What we now know about Ghosn's daring escape from Japan
What we now know about Ghosn's daring escape from Japan

TOKYO — On December 29, former Nissan, Renault boss Carlos Ghosn, who was under house arrest facing charges of diverting millions in company funds for his personal use, walked out of his house in Tokyo wearing a hat and a surgical mask in plain view of security cameras.

Bloomberg reports that police surveillance was lax during the holidays and that Ghosn's lawyers had filed a legal complaint that prevented Nissan's hired agents from following him.

Ghosn claims he would not have received a fair trial in Japan, where 99 percent of those accused of a crime are convicted.

Citing Japan's NTV, Bloomberg reports that Ghosn boarded a bullet train in Tokyo and arrived at Osaka at about 4:30 pm.

He then called a cab to a hotel near Kansai International Airport.

Citing sources familiar with the matter, Bloomberg reports that Ghosn apparently evaded security by hiding in a case that was too big to be scanned by the airport's X-ray machines.

Earlier, Ghosn's alleged accomplices had flown in on a Bombardier Global Express Jet with the case.

Ghosn would use both in his escape.

According to Bloomberg, Ghosn was aided by U.S. contractor and ex-Special Forces veteran Michael Taylor in his flight.

At 11 p.m., the Bombardier Global Express took off and headed for Istanbul with Ghosn on board.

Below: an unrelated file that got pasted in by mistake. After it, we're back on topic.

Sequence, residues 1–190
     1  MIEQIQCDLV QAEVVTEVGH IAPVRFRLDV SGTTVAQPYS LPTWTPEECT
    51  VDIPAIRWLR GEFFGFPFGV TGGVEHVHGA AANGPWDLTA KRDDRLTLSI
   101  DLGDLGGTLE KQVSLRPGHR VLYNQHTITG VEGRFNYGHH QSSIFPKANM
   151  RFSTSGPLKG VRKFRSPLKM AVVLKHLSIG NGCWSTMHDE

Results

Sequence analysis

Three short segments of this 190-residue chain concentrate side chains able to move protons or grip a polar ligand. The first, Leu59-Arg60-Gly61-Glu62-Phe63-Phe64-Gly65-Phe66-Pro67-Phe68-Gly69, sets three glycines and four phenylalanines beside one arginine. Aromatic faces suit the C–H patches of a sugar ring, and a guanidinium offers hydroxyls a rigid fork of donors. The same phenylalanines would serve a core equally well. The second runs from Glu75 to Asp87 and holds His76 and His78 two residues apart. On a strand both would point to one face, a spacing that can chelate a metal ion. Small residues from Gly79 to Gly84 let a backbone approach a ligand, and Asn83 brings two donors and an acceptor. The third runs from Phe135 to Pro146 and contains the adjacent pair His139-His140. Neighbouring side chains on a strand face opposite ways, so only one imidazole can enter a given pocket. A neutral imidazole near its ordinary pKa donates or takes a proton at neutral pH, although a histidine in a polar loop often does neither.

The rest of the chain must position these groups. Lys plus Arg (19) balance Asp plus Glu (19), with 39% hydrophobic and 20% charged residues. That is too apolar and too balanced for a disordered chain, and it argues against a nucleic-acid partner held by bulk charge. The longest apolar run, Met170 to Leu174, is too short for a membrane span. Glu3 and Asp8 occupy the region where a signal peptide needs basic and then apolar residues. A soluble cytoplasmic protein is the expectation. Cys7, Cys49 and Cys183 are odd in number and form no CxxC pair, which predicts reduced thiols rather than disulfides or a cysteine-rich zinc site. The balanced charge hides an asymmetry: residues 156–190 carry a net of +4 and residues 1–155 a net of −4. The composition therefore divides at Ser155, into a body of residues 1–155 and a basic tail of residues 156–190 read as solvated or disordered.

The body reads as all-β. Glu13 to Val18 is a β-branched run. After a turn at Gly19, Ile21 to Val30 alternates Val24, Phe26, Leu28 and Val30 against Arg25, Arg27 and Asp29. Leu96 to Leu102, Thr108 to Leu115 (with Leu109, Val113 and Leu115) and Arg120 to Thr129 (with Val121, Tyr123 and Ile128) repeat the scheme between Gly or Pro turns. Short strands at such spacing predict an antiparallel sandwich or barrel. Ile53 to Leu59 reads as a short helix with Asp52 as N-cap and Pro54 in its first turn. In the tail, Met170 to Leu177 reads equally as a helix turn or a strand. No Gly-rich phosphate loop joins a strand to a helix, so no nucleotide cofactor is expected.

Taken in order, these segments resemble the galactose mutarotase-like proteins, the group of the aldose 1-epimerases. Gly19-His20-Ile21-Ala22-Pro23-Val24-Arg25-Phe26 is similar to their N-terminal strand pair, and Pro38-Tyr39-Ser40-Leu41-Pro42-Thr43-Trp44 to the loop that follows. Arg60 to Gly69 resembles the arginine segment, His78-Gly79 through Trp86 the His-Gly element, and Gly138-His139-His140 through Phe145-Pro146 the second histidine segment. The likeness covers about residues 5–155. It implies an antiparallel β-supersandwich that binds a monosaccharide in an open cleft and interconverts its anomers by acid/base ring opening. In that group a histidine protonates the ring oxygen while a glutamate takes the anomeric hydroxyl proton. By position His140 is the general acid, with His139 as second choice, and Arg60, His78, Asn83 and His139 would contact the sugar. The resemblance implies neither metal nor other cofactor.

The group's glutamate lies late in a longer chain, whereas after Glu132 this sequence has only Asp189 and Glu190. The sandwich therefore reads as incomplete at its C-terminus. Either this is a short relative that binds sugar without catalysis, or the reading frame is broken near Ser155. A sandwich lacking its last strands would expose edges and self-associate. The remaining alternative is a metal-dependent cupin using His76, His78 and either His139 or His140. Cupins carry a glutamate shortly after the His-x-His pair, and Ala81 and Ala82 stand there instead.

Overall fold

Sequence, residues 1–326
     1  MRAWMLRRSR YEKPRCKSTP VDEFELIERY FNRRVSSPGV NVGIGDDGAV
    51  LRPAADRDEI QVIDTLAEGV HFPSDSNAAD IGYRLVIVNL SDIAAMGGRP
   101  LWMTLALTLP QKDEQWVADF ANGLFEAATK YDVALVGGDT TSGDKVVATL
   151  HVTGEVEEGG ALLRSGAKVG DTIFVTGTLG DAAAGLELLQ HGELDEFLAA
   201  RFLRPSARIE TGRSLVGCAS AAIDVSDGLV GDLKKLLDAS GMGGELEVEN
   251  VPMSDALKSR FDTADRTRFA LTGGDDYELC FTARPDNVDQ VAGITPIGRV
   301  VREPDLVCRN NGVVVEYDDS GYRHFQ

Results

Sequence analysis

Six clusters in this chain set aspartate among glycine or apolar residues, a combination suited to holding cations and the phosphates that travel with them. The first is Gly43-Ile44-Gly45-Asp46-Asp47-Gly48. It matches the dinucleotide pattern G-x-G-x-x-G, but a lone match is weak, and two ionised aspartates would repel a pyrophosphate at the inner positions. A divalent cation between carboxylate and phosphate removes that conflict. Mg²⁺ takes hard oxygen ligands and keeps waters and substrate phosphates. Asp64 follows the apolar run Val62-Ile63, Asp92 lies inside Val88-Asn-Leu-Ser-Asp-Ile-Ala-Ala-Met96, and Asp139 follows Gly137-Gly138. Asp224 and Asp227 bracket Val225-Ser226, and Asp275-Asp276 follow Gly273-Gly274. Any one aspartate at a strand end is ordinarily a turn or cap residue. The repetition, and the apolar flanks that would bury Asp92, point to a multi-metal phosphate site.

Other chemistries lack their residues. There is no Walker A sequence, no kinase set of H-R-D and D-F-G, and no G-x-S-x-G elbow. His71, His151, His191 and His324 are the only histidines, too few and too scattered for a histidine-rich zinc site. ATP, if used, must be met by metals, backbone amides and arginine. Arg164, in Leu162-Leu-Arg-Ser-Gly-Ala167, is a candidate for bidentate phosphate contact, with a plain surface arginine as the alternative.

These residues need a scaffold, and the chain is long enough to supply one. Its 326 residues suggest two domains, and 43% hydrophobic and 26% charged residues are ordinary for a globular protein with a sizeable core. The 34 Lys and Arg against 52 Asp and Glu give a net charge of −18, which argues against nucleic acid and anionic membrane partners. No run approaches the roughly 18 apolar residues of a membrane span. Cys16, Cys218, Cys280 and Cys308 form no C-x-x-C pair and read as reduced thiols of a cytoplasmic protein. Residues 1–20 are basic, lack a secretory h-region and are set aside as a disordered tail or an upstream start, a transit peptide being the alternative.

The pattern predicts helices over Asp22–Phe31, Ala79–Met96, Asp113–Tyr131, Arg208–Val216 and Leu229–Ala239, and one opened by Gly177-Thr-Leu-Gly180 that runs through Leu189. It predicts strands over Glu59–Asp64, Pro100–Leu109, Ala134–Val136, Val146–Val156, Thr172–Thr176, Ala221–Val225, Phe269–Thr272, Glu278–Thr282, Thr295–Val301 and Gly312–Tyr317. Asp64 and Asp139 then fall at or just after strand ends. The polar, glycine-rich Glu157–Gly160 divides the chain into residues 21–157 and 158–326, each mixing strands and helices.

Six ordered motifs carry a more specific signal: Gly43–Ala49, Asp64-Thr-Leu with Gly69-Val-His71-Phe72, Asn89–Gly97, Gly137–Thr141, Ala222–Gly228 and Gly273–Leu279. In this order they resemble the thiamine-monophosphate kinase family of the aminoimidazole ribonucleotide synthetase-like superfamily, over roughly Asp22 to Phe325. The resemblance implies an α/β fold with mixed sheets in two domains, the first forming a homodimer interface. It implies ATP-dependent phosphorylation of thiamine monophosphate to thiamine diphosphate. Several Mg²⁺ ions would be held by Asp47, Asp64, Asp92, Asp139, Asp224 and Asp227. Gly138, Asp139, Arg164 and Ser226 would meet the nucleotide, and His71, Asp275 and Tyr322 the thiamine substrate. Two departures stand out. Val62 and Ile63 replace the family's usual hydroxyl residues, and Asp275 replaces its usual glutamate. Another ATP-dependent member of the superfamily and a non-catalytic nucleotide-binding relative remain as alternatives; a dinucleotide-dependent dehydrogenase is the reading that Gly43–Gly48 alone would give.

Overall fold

Bloomberg reports that Ghosn's alleged rescuers carefully plotted the flight to avoid countries with extradition treaties with Japan such as South Korea and instead flew through Russian airspace.

Russia was viewed as more friendly territory as Ghosn is credited with saving the ailing automaker AvtoVAZ, which he brought in to the Renault-Nissan Alliance's fold.

The jet landed at Istanbul's Ataturk Airport at around 5:00 a.m.

After that, Ghosn would again secrete himself as cargo in the box before boarding a smaller Bombardier that would take him to Beirut.

In addition to Brazlian and Lebanese passports, Ghosn has two French passports.

One was taken by the Japanese authorities and another kept by his lawyer as a condition of his bail but stored in a flimsy box that could be broken easily with a tool.

However Reuters reports the French government denies Ghosn used the nation's passport.

Citing a Lebanese judiciary official, Reuters reports that Lebanon has received a request to extradite Ghosn from Japan, not Interpol.

Bloomberg reports that Ghosn entered Lebanon legally, where extradition of citizens is denied as a matter of policy.